Increasing death rates from prostate cancer have federal health officials questioning the benefits of expensive tests to detect the disease earlier.

The Centers for Disease Control reported Thursday that deaths from prostate cancer increased 7.5 percent among white men and 5.9 percent among black men from 1980 to 1988, the latest year figures were available.The rise came despite greater use of newer, more sophisticated and expensive tests - such as ultrasound and an antigen blood test - aimed at detecting cancers earlier when treatment may be more effective.

"There is clearly something going on. It's becoming a growing public health problem," said Ron Aubert, a CDC epidemiologist. "But there are studies that are needed to evaluate the benefit of screening and early detection.

"We're not to the point that organizations feel comfortable making recommendations that people get these early screenings, as they have with breast and cervical cancer."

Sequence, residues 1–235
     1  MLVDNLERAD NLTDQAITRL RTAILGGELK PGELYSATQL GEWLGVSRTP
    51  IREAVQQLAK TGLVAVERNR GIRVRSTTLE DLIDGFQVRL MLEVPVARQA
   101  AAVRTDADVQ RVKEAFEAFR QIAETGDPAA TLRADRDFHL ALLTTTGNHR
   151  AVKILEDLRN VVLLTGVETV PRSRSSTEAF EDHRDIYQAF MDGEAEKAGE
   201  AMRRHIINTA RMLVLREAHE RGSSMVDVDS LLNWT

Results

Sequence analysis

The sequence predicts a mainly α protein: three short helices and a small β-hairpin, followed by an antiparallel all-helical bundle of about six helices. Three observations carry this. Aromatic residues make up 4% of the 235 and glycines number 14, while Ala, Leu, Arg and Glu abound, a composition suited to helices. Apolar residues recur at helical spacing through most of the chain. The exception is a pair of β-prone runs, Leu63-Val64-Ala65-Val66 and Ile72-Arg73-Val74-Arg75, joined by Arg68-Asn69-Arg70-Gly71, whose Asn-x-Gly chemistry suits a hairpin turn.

The Atlanta-based CDC reported that in 1980, about 17.3 white men per 100,000 - or a total of 19,095 - died from prostate cancer. The rate reached 18.6 in 1988, when the total was 24,175.

For blacks, the rate was 37.4 deaths per 100,000 in 1980 - a total of 3,670 - and 39.6 in 1988 - a total of 4,581.

The American Cancer Society predicts 34,000 deaths in the United States this year from prostate cancer, which generally strikes men over age 50.

The prostate is a gland surrounding the urethra at the base of the male's bladder. Doctors generally check for tumors during a rectal examination.

Some men opt for more expensive tests. The prostate specific antigen test, which costs about $75, screens blood samples for elevated levels of an antigen associated with the prostate. Critics warn that the levels can increase for reasons other than tumors.

Also available is ultrasound, in which sound waves can detect small tumors.

"Despite the improved effectiveness of (all three tests) to detect disease at earlier stages, these methods have not yet been associated with a reduction in prostate cancer mortality," the CDC report said.